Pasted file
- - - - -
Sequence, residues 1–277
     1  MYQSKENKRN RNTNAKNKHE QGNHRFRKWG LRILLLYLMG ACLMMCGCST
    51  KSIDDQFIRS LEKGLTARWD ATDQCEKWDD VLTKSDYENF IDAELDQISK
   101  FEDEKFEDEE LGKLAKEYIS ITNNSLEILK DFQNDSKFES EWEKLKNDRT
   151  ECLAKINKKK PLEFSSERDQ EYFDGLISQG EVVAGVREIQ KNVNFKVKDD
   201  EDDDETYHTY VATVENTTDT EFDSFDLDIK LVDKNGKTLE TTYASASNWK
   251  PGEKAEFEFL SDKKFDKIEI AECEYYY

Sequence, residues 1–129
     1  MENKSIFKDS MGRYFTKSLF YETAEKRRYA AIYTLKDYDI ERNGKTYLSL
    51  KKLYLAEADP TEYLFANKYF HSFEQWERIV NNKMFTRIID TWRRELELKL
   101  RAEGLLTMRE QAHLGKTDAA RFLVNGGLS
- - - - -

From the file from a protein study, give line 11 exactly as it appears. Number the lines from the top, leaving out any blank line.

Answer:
   101  RAEGLLTMRE QAHLGKTDAA RFLVNGGLS